Over The Edge

By Moher

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FolkWorld CD Reviews

“Moher ”Over The Edge"
Label: KRL/Lochshore Records; CDLDL 1282 ; Spielzeit: 49:35 min
After a long time the second album by the Clare based top band Moher, which had a nice debut album a couple of years ago. And now Micheal Queally (fiddle), Noel O‘Donoghue (flute), Pat Marsh (bouzouki) and Paul O’Driscoll are back, joined now by Liam Murphy (guitar & vocals) and John Moloney (bodhr


Michael Queally (fiddle) comes from Inagh Co.Clare and is the fiddle player with the group. In the past Inagh has had strong links with traditional music producing other fine musicians such as Joe Ryan and Garrett Barry. This tradition is also reflected in Michael’s fiddle playing. To date he has recorded four albums, one with a renowned dance band called the Gold Ring Ceili band, two with Moher, and a solo CD released in 1997. The Gold Ring Ceili band had an enormous impact on the Irish Dancing scene since they started out in 1989.
Noel 0’Donoghue (flute) comes from Kilfenora in West Clare, the “home” many believe of Irish music. Noel learnt most of his music from the wealth of older musicians around the area, none more famous than the late Micko Russell of Doolin. Noel, and indeed the other musicians mentioned, play and enchant people from all over the world in Doolin every year. Noel with Michael founded the “Gold Ring Ceili Band”, and has an enormous wealth of tunes.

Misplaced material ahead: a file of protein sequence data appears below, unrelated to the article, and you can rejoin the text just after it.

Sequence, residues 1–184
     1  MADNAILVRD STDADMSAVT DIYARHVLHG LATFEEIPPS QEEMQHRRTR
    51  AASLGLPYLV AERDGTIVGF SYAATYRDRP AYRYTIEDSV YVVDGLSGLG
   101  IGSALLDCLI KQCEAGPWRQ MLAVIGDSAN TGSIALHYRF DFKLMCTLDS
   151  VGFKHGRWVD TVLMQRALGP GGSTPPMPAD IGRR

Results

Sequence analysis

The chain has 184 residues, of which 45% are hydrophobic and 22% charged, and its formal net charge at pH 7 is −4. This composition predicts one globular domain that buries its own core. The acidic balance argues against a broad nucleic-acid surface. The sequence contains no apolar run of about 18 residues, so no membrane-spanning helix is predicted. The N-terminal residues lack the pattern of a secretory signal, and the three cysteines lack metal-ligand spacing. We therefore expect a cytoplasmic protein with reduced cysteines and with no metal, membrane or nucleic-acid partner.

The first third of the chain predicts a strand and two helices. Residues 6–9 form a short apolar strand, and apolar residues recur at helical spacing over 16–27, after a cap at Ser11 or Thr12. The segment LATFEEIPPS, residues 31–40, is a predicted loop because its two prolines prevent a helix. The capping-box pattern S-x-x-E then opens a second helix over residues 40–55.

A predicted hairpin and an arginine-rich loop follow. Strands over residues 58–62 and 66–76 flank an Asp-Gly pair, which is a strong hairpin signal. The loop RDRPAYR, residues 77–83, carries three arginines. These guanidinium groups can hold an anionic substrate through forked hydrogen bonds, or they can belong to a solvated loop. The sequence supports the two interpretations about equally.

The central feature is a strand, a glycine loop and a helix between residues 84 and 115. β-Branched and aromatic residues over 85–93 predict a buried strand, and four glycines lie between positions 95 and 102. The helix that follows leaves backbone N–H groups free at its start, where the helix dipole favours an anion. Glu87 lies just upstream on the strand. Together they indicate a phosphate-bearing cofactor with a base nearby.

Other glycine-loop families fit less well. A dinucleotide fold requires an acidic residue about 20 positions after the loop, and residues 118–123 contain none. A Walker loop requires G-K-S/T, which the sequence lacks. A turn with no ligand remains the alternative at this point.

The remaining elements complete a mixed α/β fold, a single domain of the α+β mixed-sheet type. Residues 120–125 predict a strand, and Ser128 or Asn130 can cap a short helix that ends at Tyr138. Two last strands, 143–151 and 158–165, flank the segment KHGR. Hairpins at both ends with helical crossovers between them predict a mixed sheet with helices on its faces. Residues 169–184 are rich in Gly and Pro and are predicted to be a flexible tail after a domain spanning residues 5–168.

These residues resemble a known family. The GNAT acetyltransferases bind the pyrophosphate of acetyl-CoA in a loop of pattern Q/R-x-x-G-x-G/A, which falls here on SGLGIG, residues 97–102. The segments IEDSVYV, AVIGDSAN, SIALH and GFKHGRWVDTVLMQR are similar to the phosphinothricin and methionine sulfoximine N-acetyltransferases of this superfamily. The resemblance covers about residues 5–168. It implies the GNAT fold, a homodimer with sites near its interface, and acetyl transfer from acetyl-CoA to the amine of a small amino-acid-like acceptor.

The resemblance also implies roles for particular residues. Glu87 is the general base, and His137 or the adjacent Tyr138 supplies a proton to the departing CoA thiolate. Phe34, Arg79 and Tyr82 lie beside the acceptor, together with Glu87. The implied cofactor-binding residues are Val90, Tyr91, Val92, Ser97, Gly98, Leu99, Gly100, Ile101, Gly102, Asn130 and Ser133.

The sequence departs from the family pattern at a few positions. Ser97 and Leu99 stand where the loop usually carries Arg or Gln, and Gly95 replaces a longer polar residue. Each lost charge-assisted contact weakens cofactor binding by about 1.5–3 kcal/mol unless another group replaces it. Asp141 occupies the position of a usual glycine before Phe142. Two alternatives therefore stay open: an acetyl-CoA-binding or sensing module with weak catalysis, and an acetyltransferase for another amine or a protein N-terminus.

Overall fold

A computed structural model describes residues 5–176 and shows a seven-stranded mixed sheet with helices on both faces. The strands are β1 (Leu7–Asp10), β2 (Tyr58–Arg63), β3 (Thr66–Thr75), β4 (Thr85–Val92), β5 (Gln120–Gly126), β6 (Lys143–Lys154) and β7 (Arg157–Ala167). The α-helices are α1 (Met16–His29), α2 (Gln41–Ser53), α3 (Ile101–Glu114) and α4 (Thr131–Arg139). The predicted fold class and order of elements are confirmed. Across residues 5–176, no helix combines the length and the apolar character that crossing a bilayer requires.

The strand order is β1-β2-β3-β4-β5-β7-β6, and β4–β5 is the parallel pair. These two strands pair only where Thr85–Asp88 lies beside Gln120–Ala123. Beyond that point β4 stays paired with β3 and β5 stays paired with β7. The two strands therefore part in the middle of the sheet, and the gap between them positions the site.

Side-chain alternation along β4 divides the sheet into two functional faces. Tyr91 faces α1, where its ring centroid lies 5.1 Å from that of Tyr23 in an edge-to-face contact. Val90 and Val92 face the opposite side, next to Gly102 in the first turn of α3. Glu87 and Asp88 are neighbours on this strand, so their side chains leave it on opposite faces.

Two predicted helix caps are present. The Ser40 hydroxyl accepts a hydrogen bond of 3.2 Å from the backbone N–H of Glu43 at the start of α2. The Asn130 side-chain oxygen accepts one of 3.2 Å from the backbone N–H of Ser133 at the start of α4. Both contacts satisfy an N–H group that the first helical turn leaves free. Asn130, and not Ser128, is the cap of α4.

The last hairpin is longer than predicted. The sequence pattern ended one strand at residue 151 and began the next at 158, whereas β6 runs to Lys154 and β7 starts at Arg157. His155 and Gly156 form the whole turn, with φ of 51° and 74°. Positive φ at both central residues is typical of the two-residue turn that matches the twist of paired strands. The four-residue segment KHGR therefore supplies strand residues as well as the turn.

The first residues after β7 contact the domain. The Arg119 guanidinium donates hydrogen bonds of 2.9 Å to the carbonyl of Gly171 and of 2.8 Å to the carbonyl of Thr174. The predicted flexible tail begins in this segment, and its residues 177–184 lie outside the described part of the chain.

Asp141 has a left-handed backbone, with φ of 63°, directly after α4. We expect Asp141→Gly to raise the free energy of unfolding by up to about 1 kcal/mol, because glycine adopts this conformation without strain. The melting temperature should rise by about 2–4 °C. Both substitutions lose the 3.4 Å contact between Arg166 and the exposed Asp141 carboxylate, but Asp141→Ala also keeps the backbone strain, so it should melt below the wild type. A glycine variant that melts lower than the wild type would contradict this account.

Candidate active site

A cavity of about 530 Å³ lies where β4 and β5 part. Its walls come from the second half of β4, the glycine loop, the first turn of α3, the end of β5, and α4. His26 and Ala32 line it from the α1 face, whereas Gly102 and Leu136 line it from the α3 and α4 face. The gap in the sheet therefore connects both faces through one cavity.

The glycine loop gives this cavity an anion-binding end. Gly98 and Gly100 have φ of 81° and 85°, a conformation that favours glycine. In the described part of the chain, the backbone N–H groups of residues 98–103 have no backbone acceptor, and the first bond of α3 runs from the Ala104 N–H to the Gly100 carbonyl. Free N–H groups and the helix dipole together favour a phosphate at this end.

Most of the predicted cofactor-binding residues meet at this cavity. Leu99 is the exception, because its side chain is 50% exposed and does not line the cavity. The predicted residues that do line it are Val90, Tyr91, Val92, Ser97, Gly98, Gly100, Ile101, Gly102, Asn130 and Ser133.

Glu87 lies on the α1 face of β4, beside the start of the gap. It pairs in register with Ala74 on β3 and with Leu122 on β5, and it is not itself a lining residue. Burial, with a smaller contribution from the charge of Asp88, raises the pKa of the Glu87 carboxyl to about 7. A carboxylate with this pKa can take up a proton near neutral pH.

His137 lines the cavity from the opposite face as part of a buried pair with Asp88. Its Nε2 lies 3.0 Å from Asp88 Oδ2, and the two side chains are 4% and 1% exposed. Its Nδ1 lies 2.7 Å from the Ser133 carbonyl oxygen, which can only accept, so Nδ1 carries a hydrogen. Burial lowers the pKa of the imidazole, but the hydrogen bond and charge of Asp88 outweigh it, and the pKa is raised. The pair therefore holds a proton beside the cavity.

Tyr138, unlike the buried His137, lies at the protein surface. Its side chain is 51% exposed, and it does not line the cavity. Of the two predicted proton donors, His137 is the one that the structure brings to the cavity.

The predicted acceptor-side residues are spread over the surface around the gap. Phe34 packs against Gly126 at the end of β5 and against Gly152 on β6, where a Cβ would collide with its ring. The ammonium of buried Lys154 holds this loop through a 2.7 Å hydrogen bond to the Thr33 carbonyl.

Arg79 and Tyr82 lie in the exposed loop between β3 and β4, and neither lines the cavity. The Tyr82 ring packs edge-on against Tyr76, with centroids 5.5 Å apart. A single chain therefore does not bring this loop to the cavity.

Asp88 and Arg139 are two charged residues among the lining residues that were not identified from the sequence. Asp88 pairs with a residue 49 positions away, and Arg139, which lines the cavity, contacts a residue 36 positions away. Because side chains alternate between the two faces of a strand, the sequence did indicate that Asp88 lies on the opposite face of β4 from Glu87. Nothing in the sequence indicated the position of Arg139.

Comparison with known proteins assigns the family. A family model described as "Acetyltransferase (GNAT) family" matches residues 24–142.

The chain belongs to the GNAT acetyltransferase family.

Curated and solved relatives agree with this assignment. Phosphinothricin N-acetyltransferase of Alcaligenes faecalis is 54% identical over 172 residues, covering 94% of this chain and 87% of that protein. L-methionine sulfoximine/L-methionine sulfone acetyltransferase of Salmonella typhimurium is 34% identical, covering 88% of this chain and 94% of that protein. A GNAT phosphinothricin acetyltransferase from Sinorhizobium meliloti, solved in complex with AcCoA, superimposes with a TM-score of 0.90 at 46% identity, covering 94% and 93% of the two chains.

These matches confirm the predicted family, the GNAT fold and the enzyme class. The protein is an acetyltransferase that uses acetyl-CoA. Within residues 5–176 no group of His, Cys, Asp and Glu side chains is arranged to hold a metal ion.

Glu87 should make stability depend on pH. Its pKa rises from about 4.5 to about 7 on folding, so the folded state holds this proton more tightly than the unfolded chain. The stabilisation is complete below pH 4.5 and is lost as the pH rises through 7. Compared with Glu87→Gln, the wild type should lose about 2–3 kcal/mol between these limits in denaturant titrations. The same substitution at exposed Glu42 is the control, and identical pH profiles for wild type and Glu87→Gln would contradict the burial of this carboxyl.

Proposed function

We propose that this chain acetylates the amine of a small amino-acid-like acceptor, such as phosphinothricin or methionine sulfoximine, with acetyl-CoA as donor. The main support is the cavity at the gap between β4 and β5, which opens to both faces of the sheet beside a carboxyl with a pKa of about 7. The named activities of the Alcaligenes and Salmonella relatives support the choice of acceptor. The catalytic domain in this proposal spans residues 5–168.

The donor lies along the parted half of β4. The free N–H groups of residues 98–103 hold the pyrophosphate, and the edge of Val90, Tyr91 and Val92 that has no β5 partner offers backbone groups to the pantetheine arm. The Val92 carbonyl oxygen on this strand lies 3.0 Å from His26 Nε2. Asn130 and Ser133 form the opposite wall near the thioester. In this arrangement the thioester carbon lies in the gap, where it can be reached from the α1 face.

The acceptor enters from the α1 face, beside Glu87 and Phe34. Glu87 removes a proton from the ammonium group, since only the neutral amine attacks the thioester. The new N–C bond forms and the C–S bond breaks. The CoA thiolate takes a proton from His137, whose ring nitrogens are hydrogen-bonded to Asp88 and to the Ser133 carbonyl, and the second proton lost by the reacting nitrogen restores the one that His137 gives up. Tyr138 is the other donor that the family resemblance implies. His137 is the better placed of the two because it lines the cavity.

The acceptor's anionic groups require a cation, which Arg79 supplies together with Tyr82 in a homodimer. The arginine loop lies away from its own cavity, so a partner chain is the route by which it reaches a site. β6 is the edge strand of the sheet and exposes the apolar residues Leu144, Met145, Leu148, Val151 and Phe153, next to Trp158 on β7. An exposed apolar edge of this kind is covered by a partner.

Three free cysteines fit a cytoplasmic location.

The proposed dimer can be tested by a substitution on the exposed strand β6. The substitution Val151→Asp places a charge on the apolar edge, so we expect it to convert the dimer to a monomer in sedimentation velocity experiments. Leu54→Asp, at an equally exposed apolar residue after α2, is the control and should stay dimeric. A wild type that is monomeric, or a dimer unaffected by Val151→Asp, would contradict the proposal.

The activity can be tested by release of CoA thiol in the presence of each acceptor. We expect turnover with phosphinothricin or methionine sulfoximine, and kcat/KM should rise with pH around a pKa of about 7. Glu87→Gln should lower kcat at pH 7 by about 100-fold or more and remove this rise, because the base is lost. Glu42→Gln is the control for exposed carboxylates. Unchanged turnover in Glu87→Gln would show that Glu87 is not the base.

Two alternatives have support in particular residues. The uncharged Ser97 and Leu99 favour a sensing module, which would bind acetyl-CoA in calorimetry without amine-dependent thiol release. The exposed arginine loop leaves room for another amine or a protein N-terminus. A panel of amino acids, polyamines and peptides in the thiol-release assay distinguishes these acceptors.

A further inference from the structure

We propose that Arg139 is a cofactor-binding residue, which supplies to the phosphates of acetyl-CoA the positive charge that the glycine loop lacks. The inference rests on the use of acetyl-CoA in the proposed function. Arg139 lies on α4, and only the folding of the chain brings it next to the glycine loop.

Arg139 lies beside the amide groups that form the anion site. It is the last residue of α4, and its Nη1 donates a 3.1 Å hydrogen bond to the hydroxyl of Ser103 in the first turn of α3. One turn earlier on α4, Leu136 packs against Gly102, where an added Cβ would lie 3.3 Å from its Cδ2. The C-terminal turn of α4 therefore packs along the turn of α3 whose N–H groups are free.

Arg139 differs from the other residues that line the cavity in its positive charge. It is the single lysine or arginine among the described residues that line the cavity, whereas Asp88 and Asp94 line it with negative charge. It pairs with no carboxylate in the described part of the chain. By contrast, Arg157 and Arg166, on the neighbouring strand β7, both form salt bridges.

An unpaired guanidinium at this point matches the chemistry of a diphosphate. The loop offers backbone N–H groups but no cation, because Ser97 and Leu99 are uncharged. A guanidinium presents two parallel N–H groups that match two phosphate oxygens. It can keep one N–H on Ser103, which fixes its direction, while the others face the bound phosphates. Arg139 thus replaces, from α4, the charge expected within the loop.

Pat Marsh (bouzouki, guitar), joins Michael and Noel in this fabulous album. Pat comes from a great musical family in another area where music is very prominent- Broadford in East Clare. Pat has toured in Germany, Belgium and England. Pat also plays with a group from Northem Ireland called “Up stairs in a Tent” a Cork based band “Calico” and the “Josephine Marsh Band”to mention a few.
Paul 0’Driscoll (acoustic bass guitar, double bass, vocals) comes from Birmingham originally and had lived in Dublin for a number of years before moving to Clare in 1993. Paul plays with “Deiseal”, a group who have achieved considerable success since their formation in 1992. Paul recorded two albums with this group. He has also recorded with “Calico” and played with Riverdance.